Muscle Mustangs & Fast Fords
G-Force T5 Transmission - Rowing The Gears
Fixing Smog-Legal Killer's weak drivetrain with G-Force Racing Transmissions, a Ram clutch, and safety items from Quicktime and Lakewood.
Ask anyone who's owned a manual-transmission-equipped Fox-body and there's a good chance they have a story about grenading the stock T5 transmission. Some snap at the hit, others break on a good powershift, but most often they let go in the middle of a long Third-gear pull. Whether you've blown one or not, you fall into two categories: the ones who have blown a stock T5 and the ones who will blow a stock T5.
That's not to say the World Class T5 is a horrible transmission. Quite the contrary, as it's a lightweight, slick-shifting, synchronized five-speed box that can hold considerable power for its size. At stock(ish) power levels, the T5 is a great transmission, but bring the torque output above 350 lb-ft with sticky tires, and its days are numbered. Even the strongest of stock T5 boxes, the '93 Cobra spec units, were only rated for 310 lb-ft, so you can imagine our trepidation in feeding 530 lb-ft of torque at the wheels (that's roughly 600 lb-ft at the crank) through our stock T5.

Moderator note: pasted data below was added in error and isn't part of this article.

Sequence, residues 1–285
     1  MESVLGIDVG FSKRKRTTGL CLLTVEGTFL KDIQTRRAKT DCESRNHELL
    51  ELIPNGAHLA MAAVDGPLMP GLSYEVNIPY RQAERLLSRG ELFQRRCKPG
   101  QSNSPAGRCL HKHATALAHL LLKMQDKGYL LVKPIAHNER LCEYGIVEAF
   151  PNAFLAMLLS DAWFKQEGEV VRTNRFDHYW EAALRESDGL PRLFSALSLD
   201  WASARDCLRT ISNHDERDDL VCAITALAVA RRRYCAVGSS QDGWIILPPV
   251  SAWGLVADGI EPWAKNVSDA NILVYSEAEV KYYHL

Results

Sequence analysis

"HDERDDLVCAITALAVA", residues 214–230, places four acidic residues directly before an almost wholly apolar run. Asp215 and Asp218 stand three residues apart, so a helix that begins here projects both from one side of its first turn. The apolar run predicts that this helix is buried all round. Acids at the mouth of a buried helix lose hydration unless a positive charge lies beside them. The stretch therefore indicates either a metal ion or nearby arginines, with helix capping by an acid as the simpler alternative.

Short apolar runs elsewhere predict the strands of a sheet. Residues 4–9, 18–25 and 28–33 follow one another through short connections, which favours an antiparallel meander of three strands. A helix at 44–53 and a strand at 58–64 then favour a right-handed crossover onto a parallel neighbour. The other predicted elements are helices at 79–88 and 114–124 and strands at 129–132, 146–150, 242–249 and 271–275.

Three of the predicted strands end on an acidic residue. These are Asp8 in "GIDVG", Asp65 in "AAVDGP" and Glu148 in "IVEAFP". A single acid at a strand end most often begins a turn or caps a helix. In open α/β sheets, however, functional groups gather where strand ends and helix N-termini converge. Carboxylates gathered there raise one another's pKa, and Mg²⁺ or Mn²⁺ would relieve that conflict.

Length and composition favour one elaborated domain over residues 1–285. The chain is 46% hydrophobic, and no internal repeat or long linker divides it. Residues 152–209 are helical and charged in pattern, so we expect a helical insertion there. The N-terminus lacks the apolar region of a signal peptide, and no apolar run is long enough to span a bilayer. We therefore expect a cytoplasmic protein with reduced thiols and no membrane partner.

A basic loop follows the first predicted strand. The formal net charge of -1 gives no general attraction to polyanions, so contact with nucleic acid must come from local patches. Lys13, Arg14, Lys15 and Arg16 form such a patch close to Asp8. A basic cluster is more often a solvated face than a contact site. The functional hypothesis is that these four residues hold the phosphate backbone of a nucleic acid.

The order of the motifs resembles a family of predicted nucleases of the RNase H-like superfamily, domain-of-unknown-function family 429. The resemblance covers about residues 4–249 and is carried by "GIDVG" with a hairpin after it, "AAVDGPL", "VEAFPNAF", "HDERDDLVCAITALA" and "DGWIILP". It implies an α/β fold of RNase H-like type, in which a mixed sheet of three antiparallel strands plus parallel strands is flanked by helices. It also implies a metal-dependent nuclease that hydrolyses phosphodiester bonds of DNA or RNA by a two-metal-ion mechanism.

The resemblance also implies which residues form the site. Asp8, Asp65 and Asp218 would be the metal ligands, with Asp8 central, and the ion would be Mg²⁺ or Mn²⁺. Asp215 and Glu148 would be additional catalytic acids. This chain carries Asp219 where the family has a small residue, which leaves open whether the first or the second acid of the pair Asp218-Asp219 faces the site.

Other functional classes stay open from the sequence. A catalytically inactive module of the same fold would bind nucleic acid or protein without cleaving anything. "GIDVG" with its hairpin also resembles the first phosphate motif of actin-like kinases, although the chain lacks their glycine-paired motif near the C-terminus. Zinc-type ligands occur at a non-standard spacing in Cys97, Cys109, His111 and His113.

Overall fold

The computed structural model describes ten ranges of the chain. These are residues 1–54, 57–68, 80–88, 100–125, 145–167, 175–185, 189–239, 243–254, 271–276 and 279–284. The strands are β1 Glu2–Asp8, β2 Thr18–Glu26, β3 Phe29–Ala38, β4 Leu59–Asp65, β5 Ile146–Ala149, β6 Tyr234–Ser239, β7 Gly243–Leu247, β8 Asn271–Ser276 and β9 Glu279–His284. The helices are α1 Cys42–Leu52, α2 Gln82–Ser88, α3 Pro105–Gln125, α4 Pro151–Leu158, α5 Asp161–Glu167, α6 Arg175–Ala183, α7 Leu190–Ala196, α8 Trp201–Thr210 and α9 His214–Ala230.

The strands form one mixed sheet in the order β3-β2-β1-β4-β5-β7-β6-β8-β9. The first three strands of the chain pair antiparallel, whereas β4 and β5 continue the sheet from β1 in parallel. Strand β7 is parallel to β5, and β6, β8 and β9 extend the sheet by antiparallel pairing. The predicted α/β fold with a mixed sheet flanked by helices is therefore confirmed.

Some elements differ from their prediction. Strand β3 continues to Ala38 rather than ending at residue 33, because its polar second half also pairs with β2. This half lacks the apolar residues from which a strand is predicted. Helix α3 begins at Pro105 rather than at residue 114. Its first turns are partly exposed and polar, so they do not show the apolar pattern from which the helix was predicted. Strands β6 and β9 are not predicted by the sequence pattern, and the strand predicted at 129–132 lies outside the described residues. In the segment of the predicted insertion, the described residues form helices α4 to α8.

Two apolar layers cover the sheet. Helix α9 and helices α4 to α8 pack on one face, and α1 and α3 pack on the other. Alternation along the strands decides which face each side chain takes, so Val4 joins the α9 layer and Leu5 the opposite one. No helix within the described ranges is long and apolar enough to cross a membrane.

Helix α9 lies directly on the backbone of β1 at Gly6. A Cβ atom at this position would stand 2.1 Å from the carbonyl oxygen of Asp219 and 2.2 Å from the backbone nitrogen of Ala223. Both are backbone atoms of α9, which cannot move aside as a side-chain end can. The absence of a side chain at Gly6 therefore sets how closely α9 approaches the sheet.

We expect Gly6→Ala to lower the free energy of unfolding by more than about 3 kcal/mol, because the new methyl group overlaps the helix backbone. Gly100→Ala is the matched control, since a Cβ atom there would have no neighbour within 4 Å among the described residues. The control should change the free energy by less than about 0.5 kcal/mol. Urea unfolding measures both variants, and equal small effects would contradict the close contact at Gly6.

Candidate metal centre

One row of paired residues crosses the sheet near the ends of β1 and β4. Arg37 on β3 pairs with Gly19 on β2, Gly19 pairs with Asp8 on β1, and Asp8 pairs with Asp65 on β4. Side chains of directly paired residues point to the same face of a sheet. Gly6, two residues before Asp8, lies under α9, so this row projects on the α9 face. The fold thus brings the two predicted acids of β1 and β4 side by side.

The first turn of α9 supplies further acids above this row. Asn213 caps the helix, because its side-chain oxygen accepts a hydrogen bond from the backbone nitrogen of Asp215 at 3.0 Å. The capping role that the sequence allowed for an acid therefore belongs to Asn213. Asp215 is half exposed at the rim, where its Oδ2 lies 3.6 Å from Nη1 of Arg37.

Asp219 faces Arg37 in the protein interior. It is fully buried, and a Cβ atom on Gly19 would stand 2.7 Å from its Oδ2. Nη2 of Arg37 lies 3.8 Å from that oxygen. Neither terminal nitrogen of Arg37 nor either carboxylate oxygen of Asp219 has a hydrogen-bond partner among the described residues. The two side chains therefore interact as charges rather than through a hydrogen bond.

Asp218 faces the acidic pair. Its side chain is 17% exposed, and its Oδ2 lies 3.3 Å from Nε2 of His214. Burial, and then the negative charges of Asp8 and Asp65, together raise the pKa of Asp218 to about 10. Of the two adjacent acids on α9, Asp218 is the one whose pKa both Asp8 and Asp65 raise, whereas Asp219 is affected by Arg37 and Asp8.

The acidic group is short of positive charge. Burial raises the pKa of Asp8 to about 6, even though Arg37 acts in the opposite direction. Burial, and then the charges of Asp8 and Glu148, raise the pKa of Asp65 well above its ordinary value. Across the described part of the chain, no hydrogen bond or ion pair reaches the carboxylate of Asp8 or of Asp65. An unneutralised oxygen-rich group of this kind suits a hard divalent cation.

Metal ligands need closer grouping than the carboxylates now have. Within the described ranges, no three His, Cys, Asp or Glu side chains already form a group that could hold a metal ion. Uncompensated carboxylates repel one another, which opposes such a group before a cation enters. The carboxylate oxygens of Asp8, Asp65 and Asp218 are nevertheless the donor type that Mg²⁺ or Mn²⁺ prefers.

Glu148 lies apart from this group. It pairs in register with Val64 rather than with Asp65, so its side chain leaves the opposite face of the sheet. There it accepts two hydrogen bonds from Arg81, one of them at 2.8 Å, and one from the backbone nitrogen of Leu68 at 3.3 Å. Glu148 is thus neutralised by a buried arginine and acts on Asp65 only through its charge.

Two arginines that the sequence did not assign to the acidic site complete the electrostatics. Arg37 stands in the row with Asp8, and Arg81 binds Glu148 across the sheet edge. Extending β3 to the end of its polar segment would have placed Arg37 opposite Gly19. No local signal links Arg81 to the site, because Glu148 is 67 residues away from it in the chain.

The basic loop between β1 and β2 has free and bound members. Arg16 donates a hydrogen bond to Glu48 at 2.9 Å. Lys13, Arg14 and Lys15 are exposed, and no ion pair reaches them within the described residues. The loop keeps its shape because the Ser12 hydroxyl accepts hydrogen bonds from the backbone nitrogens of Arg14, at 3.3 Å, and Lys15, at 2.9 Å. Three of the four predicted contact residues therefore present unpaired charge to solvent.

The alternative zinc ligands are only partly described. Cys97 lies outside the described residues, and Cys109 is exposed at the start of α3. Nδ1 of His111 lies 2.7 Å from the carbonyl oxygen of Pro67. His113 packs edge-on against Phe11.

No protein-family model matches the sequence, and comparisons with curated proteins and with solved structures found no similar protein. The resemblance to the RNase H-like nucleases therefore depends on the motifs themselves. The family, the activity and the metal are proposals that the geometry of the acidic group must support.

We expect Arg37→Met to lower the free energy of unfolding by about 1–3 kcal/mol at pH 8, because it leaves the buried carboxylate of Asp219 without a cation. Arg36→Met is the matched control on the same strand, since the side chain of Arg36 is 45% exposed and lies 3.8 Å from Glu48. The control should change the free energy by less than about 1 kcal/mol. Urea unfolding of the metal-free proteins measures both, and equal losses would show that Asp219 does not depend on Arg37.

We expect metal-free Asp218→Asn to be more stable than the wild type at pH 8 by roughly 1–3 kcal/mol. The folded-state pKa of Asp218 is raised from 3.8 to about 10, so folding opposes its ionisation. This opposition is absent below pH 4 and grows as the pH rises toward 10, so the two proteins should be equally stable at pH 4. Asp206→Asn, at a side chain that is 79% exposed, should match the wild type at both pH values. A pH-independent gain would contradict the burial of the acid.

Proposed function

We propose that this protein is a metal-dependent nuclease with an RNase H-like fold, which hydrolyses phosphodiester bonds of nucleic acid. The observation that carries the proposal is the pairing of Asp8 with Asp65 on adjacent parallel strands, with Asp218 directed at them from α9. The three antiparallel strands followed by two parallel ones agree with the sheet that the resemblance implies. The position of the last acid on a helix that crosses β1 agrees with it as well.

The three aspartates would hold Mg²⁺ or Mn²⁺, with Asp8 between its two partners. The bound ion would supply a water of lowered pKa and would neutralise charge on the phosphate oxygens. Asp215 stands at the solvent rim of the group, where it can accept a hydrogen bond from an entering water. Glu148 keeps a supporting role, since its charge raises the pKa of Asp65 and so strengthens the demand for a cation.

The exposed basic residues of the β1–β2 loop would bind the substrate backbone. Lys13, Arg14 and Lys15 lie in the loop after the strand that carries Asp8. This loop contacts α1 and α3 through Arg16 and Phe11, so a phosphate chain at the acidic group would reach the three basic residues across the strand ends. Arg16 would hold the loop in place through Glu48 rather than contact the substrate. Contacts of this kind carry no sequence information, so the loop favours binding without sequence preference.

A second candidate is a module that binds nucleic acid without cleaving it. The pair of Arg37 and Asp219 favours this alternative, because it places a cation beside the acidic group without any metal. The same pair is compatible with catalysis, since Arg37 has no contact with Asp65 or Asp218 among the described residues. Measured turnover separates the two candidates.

The first few track outings with the stock components were anything but frustrating since forward progression was hindered by the worn differential and old T5. Any attempt at powershifting was met with protest, and forcing the issue would have ended in disaster. Instead, we launched soft and granny-shifted our way to some unimpressive e.t.'s. Miraculously, the stock T5 survived without spilling its guts, but a closer examination of the input shaft after it was removed revealed tons of free play. In other words, it was one good shift away from leaving the building.
One Bad Box
In search of an ever-elusive 10-second smog-legal timeslip, we decided another stock T5 just wasn't going to do. While thoughts of a six-speed box were tempting, we decided to save the additional 50-plus pounds and stick with the tried and true G-Force Racing Transmissions Street T5.
That's right, G-Force has been at it for over 20 years and builds transmissions for many top-level NASCAR and NHRA teams. Needless to say, they're damn good. Over a decade ago, G-Force saw the need for a reliable T5 transmission when Mustang owners began pushing their cars beyond the capabilities of the stock boxes. After tons of R&D, G-Force created the box before you, a fully built badass that's capable of 600-plus horsepower and 500-plus lb-ft in a 3,300-pound car launching on sticky tires.
Not one to leave anything to chance, G-Force redesigned the internals, and in turn, produced a T5 unlike any before it. In place of the wimpy stock components, G-Force uses high-nickel-content gears that are fabricated in-house, along with a heavy-duty, 26-spline input shaft and bronze/aluminum or steel shift forks.